On Stage – 2 cabs spread

Discussion in 'Miscellaneous [DB]' started by TwentyHz, Sep 25, 2017.

  1. Hi All –

    Next gig is in two weeks and I hope to try something like this on an outdoor stage at a fest. Anything you think I’m missing that could lead to problems/heartburn for the sound guy, e.g. bleed through into drum mics? Thanks!

    I’m newly starting to play the db out with some frequency. As I start to experience small indoor and outdoor stages, I’m trying to develop reliable autonomy in being able to hear myself via my little traveling rig as monitor. (Warwick LWA 1000 -> two 2 Eden EX112s).

    Sunday at practice I tried spreading my cabs, similarly to below, and raising them (both) up off the floor to waist height (usually I stack them). ‘Ta-Da’. I could really fine tune what I heard by moving further into and out of the field, rotating, etc. A few inches could make a big difference. I was surprised that taking one step could find me hearing speaker 1 mostly, speaker 2 mostly, both, (or with a step back, much less of either). The cab that was further seemed really valuable (perhaps due to that wavelength phenom people discuss or some room dynamics). My ‘mates could me hear me with no ill-effect, and they reported a nice rich saturated omni/non-directional experience.

    Am I missing something? Thanks.

    2cabs spread w.png
    Am I missing something?

  2. james condino

    james condino Spruce dork Supporting Member Commercial User

    Sep 30, 2007
    asheville, nc
    I think your diagram is upside down. Put the drums and bass out front and the guitar player in the back!
    agedhorse and TwentyHz like this.
  3. Hah! But getting to hide in the back is one o' my favorite things!
  4. Tom Lane

    Tom Lane Gold Supporting Member

    I think sound reinforcement folks would probably recommend placing your two cabs in the same plane, so that you could draw a straight line from one speaker grill to the other. That's to minimize the amount of destructive interference in your sound waves. Next, put them further behind your band. You might try placing both speakers at the bottom of your drawing, one on your right and the other between your drummer and yourself. If you're using a mic, then two speakers seems more likely to create feedback, in which case I think I'd leave the speaker between you and the drummer but maybe move it just a bit behind the drummer while you move yourself back further toward the bottom of the drawing, and set a small monitor at shoulder height over your right shoulder.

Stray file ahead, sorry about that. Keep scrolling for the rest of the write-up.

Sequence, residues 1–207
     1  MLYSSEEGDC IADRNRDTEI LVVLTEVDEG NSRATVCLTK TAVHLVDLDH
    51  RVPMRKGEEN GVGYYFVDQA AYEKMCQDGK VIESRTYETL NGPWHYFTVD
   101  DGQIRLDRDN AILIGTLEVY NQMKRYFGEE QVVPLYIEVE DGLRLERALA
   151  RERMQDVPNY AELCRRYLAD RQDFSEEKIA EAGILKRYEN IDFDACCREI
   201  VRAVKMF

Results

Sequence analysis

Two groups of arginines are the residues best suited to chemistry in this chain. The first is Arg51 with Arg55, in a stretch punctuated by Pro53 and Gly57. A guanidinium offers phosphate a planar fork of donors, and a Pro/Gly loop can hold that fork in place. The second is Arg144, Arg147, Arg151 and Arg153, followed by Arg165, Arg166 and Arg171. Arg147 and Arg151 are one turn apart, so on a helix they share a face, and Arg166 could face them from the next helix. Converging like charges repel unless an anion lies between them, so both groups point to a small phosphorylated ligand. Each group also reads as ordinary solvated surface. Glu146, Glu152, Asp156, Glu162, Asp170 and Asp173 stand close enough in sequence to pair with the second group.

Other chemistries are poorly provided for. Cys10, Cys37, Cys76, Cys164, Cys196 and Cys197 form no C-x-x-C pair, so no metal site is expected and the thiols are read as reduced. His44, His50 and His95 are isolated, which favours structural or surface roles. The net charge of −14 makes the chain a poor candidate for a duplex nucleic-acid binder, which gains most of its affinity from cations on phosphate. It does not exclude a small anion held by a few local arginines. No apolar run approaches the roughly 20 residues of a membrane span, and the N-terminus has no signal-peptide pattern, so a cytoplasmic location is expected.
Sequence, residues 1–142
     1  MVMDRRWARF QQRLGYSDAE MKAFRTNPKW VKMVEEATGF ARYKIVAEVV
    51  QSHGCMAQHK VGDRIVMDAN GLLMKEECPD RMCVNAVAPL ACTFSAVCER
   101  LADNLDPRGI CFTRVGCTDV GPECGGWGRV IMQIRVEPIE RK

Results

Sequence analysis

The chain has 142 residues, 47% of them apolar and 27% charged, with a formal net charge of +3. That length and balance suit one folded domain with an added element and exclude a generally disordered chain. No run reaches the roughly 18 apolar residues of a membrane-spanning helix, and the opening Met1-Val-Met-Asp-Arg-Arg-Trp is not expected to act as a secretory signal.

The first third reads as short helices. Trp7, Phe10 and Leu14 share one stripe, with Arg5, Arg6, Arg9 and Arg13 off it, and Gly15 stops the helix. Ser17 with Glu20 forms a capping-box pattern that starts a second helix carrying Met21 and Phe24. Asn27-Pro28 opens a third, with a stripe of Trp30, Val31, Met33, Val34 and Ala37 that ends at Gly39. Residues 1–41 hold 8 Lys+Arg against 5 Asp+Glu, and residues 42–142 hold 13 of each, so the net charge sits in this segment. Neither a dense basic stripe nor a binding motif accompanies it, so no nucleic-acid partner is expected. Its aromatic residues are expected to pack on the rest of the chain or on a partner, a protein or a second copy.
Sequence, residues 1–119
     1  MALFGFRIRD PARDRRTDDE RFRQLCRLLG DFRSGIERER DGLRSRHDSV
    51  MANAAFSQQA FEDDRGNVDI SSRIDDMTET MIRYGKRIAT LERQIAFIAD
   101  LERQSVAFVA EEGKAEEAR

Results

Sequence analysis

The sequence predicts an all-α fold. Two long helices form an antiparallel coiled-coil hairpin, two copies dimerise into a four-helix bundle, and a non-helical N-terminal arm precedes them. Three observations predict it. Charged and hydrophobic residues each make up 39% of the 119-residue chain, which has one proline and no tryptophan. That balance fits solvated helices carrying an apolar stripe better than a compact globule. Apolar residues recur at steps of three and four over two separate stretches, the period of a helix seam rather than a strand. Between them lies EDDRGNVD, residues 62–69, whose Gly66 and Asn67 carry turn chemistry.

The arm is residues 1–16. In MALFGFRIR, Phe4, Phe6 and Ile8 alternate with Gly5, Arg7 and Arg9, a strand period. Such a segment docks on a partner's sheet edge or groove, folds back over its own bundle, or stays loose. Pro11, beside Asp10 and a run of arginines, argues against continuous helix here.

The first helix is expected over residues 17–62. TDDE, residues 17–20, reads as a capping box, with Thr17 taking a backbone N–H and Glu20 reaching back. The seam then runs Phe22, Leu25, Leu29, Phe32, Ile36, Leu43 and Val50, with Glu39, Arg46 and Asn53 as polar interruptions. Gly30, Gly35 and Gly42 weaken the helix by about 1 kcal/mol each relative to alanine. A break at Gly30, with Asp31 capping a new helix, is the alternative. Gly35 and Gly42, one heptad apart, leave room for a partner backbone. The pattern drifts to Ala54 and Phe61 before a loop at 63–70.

5. Thanks, Tom. very helpful. So far, I'm going straight pickup when playing out... if I get bold maybe I'll add trying just a smidge.

    2cabs 3.png
  6. Tom Lane

    Tom Lane Gold Supporting Member

    So that's about right. The speaker between you and the drummer might be a bit out of his ear shot so you could consider moving both back a bit further, or angling the plane between the speakers to point more at your drummer.

    I'm not a professional sound reinforcement tech but I worked as one for a couple of years many years ago. Maybe someone with better education will chime in.
    TwentyHz likes this.
  7. Thanks... I used this advice on the last couple of gigs and it helped... My quick temporary solution was to do a quick mod on a twin-conga stand to hold one of my little Edens at around belly height, angled up.
  8. I would stand on the other side of the drums, more forward so the fiddle slightly to the band as well as the audience and loose a cab.
  9. two fingers

    two fingers Opinionated blowhard. But not mad about it. Gold Supporting Member

    Feb 7, 2005
    Eastern NC USA
    Paging @agedhorse ......

    (That guy is stinking handy to have around, I tell ya....)

    He did/does theater sound and has designed bass amps/cabs for some of the best in the business..... currently Mesa. He should be able to shed some light on this....in his sleep.....with one hand tied behind his back. :D
  10. Chris Fitzgerald

    Chris Fitzgerald Student of Life Staff Member Administrator Gold Supporting Member

    Oct 19, 2000
    Louisville, KY
    I've never had any luck spreading cabs out like this. They always sound better stacked ( much to my chagrin).
  11. The reason that stacked enclosures give you more punch, all other things being equal, is because a stack of speakers couple to help produce a long sound wave.

    The fundamental of your open E string is a sine wave 32 feet long. You’re not going to project a 32 foot long sine wave out of two separate Eden 12s in tiny boxes placed 10 feet apart and set off axis at waist height.

    Look at the Dead’s Wall of Sound. The speakers were stacked in narrow columns to an enormous height. Ron Wickersham knew what he was doing.
    Jason Hollar likes this.
  12. Tom Lane

    Tom Lane Gold Supporting Member

    Can you explain the acoustical physics behind that idea? That's not what I was taught in audio engineering school but things change.
  13. That’s what I learned, theory and experience.